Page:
- Posted by Virginia
- On June 19, 2017
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- awareness, Emotional and Mental Health, resilience, Well-being
Joan Borysenko was interviewed on The Holistic Health Summit June 21, 2017. She provided an excerpt from her book , It’s not the End of the World: Developing Resilience in Times of Change; Joan Borysenko, Hay House, 2009.
The Three Secrets of Resilience
- Get a lot of sleep; a lot of exercise.
- Eat real good.
- Say your prayers…… and be good to your dogs. Mickey Rourke
In response to the question, “What is your advice to survive and come back in hard times?”
I was sitting in a CNN green room in front of a plate of stale bagels. A green room, in case you’ve never been in one, isn’t green at all. It’s just an ordinary waiting room populated by nervous people waiting to be guests on radio or TV shows. My first book, Minding the Body, Mending the Mind had won me an interview on Sonya Live, an intelligent and lively talk show hosted by psychologist Dr. Sonya Friedman. Sitting right next to the bagels was her most recent book, Smart Cookies Don’t Crumble. I tried to take the witty title to heart, but the sound of the blood pounding in my ears was a distraction.
Lets not crumble here, Joan, I thought. This interview is not a disaster-in-the-making, it’s an opportunity to get your message out. Somehow I picked my way out onto the set, circumnavigating the maze of snaking wires that don’t show up on your TV screen. Wiping beads of cold sweat from my face, I took a seat across from Sonya. She was composed, poised, and interested in my topic of mind-body medicine. And, of course, she was a pro who had been sitting in the catbird seat for years. I, on the other hand, was a rank amateur in a completely new situation…one with the potential to humiliate me from coast to coast. Worse still, my mother was watching.
Although I began the interview in a mild state of terror, by the end I’d managed to relax and come back home to myself. I not only survived. I even had a little fun. This bouncing back from stress is called resilience. It’s a graceful way of flowing through life, adapting to different circumstances with the ease of water assuming the shape of whatever container it’s poured into. Resilience is also a courageous affirmation of life in the face of more serious stresses like illness, divorce, job loss, financial setback, abuse, war, and terror.
Stress and Resilience
Lets take a closer look at how stress and resilience work. Think of a rubber band. When it’s stretched, there’s stress on the rubber. But when you release the stress, it snaps back into shape. That’s the most basic kind of resilience. But if the rubber band is stretched for a long time, it begins to fatigue and is more likely to give out.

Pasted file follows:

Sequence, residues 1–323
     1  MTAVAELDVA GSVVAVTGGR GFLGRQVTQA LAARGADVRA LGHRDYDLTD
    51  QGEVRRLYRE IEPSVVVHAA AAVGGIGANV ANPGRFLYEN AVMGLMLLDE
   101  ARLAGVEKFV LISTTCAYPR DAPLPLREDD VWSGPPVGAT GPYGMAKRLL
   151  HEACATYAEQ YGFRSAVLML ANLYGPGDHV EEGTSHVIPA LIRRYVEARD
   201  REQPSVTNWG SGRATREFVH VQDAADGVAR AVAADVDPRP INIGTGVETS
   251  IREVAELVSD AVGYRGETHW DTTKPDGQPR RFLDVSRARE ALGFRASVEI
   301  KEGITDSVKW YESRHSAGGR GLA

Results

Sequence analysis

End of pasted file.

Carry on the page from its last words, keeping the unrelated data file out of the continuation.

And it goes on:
The same is true for the human body and mind. We give out when we’re stressed for a long time. Studies estimate that 75-90% of visits to the family doctor are for conditions caused or made worse by stress. These include headaches, digestive disturbances, infertility, memory loss, heart problems, allergies, high blood pressure, immune disorders, blood sugar control for diabetics, back pain, fatigue, anxiety, depression, and many other illnesses.
When an emergency calls for sudden stretching, most healthy people can rise to the challenge. Imagine that you’ve just tripped over the cord to your computer and it goes flying off the table. Without having to think about it, your body releases adrenalin and you have the sudden agility of an outfielder for the Boston Red Sox. With a little luck, you can even catch that laptop! Your sudden athletic prowess is due to an automatic overdrive system called the fight-or-flight response that kicks in for survival purposes. When the emergency is over, your “rubber band” relaxes and you return to a resting state of balance and ease.
But what if the stressor doesn’t go away? After all, life is much more complex than flying laptops with short trajectories. The fight-or-flight system evolved before chronic stresses like those of a company seeking a bailout in a struggling economy, families juggling mounting credit card debt, or losing your pension just as you’re ready to retire. If you can’t release tension, then stress becomes chronic and you become more prone to illness, depression, anger, and anxiety. And instead of enjoying life as the creative adventure that resilient people perceive it to be, you get sidelined and stuck.
One of the most famous scales for evaluating stress levels and correlating them with illness was designed in 1967 by two psychiatrists, Thomas Holmes and Richard Rahe. Their scale measures stress in Life Change Units (LCU’s). The most stressful change, the death of a spouse, rates 100 LCU’s. Getting married rates a 50. After all, learning to pick up your dirty socks (or live with some one who doesn’t), agreeing on a budget, or discovering that your beloved snores can be stressful life changes. Taking out a small loan or a mortgage was worth 17 LCU’s in the mid-1960’s. These days, when job loss and foreclosures are so high, it might garner even more points.
Holmes and Rahe gave the test to thousands of people and correlated their scores with health.2 The higher the score, the more likely their subjects were to get sick. A score of more than 300 LCU’s is associated with a high risk of illness, while scores between 150-300 correlate with a
moderate risk of illness. You can find a copy of the Holmes and Rahe stress scale for adults and youth on Wikipedia (http://en.wikipedia.org/wiki/Holmes_and_Rahe_stress_scale). The scale has been tested in both men and women, and in different cultures as well. Their pioneering research helped define the role of change in stress and set the scene for understanding resilience.
What’s My Number? You can get a very simple read on your stress level by drawing a horizontal line 100 millimeters long on a piece of paper. Draw a happy face (relaxed and at ease) on the left end and a sad face (stressed and tense) on the right end. Then place a hatch mark wherever you think your stress level is. Measure the line from left to right. Are you a 20 a 30 a 75?
Repeat the reading each day at the same time (before meals, since eating is relaxing) and record it daily for a month. Does your number fall as you practice the exercises in the book? If not, consider getting professional help.
The Three Secrets of Resilience
Ironically, the serious trauma that soldiers experience in battle has recently become a living laboratory for resilience. Dr. Steven Southwick, himself a veteran of the Vietnam War, is deputy director of the Clinical Neurosciences Division of the National Center for PTSD (post traumatic stress disorder).